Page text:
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goa, january 2020


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my goa restaurant reports won't go up on the blog for a few weeks but for starters here's a look at the thursday market in the village of assolna in south goa. most prominently featured is the fish market. and no, i don't know the names of most of the fish. if you do or if you know the names of likely relatives from elsewhere in the world, please write in.

 

assolna-market-squid2.jpg

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everything but the display stuff was in chilled water/ice, i think. the crabs and the smaller shrimp were alive. at any rate, it wouldn't have been possible for any of what i bought over the two visits---kingfish, white pomfret, mackerel, crab, two kinds of prawns, squid---to be any fresher.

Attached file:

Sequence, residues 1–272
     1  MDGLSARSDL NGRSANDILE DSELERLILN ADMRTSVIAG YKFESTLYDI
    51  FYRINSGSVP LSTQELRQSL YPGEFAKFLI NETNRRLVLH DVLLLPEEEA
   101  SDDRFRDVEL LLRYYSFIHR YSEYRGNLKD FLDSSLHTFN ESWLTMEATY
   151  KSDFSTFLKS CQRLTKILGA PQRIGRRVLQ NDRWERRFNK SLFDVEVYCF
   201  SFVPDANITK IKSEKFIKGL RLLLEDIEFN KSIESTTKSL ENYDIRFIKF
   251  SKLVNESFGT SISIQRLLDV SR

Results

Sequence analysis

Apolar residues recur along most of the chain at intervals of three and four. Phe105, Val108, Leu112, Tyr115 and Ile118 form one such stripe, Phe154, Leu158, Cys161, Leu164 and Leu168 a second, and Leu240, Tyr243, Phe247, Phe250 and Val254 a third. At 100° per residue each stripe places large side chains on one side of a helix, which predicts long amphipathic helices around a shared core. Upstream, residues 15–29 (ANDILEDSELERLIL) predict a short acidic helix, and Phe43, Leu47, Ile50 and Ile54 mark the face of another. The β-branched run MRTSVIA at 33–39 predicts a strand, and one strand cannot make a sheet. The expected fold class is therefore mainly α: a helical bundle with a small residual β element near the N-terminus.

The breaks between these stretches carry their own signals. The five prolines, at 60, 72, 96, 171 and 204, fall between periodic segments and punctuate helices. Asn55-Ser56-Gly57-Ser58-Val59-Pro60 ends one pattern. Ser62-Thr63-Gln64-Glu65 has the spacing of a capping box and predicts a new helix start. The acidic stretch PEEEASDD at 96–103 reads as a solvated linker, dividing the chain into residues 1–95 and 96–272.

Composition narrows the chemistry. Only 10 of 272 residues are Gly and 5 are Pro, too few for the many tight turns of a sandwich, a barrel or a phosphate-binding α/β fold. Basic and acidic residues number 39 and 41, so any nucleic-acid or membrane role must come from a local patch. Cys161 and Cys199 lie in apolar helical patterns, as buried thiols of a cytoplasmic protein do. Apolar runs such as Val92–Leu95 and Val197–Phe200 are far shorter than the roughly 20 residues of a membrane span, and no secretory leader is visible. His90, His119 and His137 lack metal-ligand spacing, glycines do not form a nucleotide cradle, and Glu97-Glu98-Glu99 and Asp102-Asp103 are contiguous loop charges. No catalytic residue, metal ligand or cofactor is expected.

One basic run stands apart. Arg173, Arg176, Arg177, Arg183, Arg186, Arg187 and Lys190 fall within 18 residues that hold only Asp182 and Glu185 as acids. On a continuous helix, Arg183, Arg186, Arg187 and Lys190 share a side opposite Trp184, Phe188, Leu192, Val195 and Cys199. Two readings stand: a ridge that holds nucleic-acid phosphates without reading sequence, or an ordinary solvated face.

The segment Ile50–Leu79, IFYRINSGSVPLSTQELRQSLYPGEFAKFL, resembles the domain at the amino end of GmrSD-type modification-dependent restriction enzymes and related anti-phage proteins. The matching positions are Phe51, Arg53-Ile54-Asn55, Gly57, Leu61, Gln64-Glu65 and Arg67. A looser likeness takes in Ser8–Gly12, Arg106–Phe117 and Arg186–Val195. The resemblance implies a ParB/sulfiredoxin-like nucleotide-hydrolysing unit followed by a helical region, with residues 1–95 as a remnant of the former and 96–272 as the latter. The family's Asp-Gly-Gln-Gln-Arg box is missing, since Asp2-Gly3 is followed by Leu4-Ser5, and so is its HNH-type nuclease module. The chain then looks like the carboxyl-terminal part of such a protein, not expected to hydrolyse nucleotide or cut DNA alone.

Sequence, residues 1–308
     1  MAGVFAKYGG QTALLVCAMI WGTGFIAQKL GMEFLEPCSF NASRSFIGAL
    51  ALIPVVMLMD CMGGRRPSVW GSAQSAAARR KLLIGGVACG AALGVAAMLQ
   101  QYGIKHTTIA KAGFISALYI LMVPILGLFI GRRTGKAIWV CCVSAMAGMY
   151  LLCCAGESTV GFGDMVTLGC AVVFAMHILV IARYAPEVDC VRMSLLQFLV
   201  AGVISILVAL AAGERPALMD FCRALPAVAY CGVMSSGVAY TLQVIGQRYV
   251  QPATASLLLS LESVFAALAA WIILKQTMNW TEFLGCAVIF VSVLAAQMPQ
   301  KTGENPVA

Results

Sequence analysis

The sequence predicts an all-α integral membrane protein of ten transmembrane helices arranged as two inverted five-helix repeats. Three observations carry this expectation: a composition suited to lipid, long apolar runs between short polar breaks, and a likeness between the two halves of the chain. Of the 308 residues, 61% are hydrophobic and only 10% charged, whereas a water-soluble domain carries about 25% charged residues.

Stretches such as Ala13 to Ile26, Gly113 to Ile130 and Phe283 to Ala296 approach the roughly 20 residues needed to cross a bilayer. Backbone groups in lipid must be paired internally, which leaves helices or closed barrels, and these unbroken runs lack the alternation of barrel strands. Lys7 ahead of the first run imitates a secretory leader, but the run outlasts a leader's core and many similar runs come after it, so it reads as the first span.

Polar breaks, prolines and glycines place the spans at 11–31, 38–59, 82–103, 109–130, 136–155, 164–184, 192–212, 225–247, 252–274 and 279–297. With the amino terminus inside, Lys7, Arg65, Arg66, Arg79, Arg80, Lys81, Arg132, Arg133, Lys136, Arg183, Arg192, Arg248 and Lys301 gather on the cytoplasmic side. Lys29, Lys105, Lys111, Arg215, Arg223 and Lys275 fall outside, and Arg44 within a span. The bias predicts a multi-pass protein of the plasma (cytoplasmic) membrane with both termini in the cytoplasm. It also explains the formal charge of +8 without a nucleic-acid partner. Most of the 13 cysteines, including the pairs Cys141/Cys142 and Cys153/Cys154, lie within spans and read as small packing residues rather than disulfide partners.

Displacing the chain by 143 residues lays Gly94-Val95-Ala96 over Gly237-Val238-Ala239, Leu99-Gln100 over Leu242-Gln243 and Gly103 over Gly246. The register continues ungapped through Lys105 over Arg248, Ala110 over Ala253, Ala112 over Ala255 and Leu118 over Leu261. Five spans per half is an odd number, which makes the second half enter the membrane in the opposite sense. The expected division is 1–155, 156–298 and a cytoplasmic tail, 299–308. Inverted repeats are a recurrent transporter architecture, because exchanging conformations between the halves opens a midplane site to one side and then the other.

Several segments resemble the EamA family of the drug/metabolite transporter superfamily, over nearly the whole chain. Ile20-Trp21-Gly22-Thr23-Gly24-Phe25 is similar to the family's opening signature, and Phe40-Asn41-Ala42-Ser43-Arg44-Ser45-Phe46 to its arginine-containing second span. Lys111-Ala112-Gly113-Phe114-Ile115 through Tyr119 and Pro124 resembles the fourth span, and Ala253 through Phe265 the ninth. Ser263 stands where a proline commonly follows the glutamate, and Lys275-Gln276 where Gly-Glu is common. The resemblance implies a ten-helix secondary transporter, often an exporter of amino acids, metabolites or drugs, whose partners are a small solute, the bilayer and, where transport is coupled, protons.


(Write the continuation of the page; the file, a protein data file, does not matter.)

edit to add: you can see the ice in picture 14, for example.

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  • 3 weeks later...

on to the goa restaurant reports.

 

we arrived on the evening on a tuesday and left in the afternoon the next tuesday. had dinner out the first night--all dinners and breakfasts after that were prepared at home by the cook we engaged in the village. the first dinner out was fine but nothing great, and a bit expensive for what it was. worth pointing out here that we were in south goa. on the one hand, this means far fewer tourists and pristine beaches; on the other hand, it also means far fewer options for eating out. our dinner the first night was on a restaurant by the water, aimed at more upscale travelers. things were good but unremarkable. our first lunch the next day was marginal at best. we made the mistake of eating at a beach shack.